Russia and China both have oil interest in the country, and the Russian firm (see directly above) LUKoil has an especially close relationship with the illegitimate President Laurent Gbagbo, which has made Russia unwilling to endorse any real action in the country. LUKoil has made big investments in the country and is scheduled to drill wells in Cote D’Ivoire waters with the state oil company Petroci in 2012, as part of a comprehensive LUKoil expansion. LUKoil highlights the Cote D’Ivoire projects on its website. Gbagbo still controls oil interests in the country through Petroci.
The Gbagbo administration is being increasingly isolated. One after the other all its ambassadors in the EU and in the US were declared personae non gratae and replaced by pro-Ouattara diplomats. Since January 14, the EU sanctions apply to [. . .] the directors of the National Petroleum Operations Company of Cote d’Ivoire Petroci, Kassoum Fadika and Laurent Ottro Zirignon, [. . .] who are accused to have contributed to the “funding of Mr Gbagbo’s illegitimate administration”.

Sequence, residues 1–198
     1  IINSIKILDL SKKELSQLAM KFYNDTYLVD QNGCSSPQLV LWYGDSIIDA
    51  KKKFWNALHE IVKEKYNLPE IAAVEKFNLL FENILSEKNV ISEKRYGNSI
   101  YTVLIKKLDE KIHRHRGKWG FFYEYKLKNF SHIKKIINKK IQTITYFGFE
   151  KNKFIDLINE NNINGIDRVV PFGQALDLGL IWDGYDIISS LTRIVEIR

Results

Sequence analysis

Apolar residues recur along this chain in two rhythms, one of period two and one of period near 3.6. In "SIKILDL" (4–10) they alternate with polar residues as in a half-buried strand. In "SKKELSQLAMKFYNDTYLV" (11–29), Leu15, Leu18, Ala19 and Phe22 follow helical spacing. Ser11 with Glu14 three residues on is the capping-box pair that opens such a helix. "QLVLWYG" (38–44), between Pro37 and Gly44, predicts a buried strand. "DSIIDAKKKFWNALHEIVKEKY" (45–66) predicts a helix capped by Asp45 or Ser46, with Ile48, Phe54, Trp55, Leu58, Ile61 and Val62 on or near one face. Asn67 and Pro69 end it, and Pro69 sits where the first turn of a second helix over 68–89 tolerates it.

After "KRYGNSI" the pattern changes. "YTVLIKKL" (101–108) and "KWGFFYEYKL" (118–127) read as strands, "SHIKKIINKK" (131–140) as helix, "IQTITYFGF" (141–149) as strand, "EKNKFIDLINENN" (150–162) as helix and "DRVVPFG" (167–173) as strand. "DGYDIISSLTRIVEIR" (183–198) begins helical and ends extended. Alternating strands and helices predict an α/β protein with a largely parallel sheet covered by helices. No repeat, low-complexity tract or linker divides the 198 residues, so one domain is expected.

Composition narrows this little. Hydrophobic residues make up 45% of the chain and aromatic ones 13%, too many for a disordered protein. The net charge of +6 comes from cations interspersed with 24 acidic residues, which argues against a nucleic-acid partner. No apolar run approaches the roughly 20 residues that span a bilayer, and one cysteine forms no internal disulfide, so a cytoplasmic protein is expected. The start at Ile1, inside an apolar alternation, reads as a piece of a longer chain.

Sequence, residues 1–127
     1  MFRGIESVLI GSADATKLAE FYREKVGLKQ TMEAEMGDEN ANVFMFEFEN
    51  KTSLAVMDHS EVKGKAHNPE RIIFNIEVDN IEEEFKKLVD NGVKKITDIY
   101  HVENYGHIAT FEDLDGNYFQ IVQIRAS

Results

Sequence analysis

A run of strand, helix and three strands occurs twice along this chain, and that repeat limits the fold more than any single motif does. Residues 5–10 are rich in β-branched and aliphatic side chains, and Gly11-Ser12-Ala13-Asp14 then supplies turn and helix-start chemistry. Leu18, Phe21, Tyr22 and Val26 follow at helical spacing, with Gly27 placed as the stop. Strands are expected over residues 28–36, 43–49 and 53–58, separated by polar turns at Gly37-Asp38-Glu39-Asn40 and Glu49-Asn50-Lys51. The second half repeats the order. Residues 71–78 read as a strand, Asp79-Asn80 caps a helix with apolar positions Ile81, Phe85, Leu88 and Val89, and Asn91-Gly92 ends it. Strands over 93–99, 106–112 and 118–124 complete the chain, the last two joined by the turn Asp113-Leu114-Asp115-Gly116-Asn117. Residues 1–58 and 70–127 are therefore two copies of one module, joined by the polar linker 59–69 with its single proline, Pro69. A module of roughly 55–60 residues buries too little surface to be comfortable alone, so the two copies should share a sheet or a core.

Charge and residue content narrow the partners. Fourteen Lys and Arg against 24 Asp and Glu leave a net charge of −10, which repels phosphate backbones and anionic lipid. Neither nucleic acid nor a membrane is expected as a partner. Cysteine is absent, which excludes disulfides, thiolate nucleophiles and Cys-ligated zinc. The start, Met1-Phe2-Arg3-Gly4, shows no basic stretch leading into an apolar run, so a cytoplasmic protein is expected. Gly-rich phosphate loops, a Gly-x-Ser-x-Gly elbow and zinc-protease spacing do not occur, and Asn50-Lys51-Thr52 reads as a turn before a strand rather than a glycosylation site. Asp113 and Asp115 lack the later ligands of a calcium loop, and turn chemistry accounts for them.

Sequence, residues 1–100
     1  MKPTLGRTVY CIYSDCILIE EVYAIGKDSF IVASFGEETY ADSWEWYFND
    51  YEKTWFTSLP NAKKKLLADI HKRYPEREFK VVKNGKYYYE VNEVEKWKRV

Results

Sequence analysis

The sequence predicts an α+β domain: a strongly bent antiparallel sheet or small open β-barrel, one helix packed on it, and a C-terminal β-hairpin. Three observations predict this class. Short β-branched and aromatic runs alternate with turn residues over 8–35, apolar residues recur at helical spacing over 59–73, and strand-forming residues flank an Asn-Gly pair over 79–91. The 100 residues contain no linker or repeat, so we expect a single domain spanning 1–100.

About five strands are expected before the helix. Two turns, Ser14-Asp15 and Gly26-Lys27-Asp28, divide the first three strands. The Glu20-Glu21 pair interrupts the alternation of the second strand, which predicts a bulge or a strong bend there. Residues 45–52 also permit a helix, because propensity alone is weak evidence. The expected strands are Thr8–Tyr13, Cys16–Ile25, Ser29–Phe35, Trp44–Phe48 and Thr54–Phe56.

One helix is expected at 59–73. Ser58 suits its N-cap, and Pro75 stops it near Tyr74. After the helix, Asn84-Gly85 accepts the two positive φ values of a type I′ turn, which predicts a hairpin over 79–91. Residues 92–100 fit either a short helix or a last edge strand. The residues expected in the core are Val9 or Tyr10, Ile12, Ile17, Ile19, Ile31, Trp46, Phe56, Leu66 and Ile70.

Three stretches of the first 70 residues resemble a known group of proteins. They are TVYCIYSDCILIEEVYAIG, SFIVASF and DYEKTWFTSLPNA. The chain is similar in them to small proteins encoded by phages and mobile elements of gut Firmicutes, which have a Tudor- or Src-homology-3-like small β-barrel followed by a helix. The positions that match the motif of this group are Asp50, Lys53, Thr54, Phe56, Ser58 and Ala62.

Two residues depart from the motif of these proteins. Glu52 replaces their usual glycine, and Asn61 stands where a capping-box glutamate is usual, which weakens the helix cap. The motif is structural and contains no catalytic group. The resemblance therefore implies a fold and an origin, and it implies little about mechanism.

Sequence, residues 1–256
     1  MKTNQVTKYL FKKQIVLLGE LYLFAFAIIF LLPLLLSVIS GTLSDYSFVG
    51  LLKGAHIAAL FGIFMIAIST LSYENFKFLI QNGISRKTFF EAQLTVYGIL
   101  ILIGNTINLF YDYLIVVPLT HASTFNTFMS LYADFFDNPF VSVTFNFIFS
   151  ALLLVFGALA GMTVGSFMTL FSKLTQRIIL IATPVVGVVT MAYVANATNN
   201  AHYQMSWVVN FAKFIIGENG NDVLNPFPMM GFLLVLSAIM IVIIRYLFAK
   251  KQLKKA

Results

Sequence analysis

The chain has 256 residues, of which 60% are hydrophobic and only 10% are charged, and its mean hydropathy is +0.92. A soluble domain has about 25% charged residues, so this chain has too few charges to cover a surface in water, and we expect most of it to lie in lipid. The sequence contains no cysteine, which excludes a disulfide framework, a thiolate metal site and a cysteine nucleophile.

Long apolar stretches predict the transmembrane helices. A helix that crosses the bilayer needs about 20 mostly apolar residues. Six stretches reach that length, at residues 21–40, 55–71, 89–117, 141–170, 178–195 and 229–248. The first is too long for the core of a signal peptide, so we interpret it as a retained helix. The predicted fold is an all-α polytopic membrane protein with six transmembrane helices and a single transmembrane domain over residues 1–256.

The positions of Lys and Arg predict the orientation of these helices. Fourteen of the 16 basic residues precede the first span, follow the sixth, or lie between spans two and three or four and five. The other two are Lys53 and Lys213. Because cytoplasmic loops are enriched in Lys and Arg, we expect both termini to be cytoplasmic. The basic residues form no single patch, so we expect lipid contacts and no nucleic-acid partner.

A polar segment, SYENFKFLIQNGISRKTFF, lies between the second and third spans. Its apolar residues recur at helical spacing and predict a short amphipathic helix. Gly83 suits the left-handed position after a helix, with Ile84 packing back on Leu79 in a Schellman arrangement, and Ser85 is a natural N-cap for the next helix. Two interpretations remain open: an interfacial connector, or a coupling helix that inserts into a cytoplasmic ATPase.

Last December, Fadika provided a significant help to Gbagbo by transferring CFA francs 20 billion (some € 30m) from Petroci’s accounts to Cote d’Ivoire’s National Treasury, which helped Gbagbo to pay the salaries of civil servants. EU sanctions also target 11 parastatals including the oil company Petroci. . . .
In other words, all transactions by European companies are banned, including loans or the payment of services either directly or through proxies. It means for instance that shipowners who come and load cocoa or other commodities in the Ivorian harbours are no longer allowed to pay the port authorities for these services. As far as Petroci is concerned, one of the immediate consequences may be the postponement of a project to build a 60,000 tons refinery with an American partner.